How to Lay a new Lawn

Tuesday, 18 March 2014

Back in November we had a new path put in at the back of the house. I wrote about it here.

It's all looking great, but unfortunately the workmens' constant tramping around on the lawn, leaving piles of tools and materials on it, had left us with a bit of a sorry mess. In addition, the fact that the new bricks are now level, mean that the slope of the garden created a bit of a step down to the grass and a nasty visible concrete strip, which I really didn't like. Waiting for the grass to grow back was never going to be a long-term solution so more drastic action was needed!



I've been waiting for some good weather and signs of spring before venturing outside to build up the levels and relay the lawn in time for summer. So off to Homebase I went last weekend to buy top soil and turf and get down to some hard work!


This job took me an afternoon. I had 8m2 of lawn to work on, so it was easily achievable, although pretty hard work it has to be said. Looks good though, don't you think?






So...here are my tips for laying a new lawn ~ should you ever need to do it yourself...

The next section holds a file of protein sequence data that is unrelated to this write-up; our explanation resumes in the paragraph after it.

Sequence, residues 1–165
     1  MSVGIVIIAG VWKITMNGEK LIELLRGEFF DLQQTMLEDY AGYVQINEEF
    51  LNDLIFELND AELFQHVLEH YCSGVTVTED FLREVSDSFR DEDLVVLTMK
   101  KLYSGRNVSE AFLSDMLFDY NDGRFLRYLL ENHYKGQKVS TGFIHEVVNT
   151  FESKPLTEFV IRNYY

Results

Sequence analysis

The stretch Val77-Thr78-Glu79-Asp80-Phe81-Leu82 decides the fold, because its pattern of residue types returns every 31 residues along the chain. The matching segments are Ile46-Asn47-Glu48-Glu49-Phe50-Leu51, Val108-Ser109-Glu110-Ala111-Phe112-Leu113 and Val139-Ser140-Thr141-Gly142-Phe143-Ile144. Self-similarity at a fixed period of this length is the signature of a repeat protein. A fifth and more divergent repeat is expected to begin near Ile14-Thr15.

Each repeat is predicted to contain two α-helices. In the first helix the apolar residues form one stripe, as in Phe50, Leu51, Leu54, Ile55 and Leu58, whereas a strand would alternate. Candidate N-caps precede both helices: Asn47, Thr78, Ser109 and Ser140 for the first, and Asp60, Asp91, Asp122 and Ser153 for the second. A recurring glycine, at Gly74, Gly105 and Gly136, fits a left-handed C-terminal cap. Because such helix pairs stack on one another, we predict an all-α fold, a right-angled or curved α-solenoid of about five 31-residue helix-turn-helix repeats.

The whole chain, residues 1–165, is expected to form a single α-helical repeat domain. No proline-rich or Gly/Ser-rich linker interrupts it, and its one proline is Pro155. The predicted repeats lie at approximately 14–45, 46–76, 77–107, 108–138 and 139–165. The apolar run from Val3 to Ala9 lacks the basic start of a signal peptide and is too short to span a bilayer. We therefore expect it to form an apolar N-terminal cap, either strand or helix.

1. Measure the area you want to turf and double-check your figures ~ you don't want to over or under buy!

2. Make an estimate of how much top soil you need to buy. You should be aiming for a depth of at least 2.5cm for the new turf to lay down roots into

3. Remove any old grass ~ be warned, this is the hard part!  I used the edge of a spade, sliding it under the old grass and levering it up. I was tempted to just plonk down the new turf on top of the old lawn, but a quick search online told me that this was a definite no-no if I wanted to maximise the chances of the new lawn taking properly and avoid weeds from the old grass growing through



4.  Lay the new top soil and rake it evenly over the area, making sure it's level



5. Water the top soil and sprinkle with a lawn fertiliser

6. Now for the fun part! Roll out the new turf. Start in a place where there's a straight edge. Lay in a brickwork pattern to avoid having all the joins in the same place



7. Water well, and continue daily watering for up to six weeks


8. Keep your fingers crossed!!

* I found it easier to cut the turf with scissors in areas where it needed shaping, rather than use a spade.



1 comment:

  1. Hi, Claire! It never cease to amaze me how you did 3 and 4 successfully! Impressive!

    I really struggled with those two! When I was choosing a top soil for my lawn, I was unsure how to get the best one. Here's a resource your readers might be interested in: http://goo.gl/H3lehg. Or if you have a more practical approach, please write a post about it.

    Would you show us the updated pic of your turf?
    Cheers,
    Maya

    ReplyDelete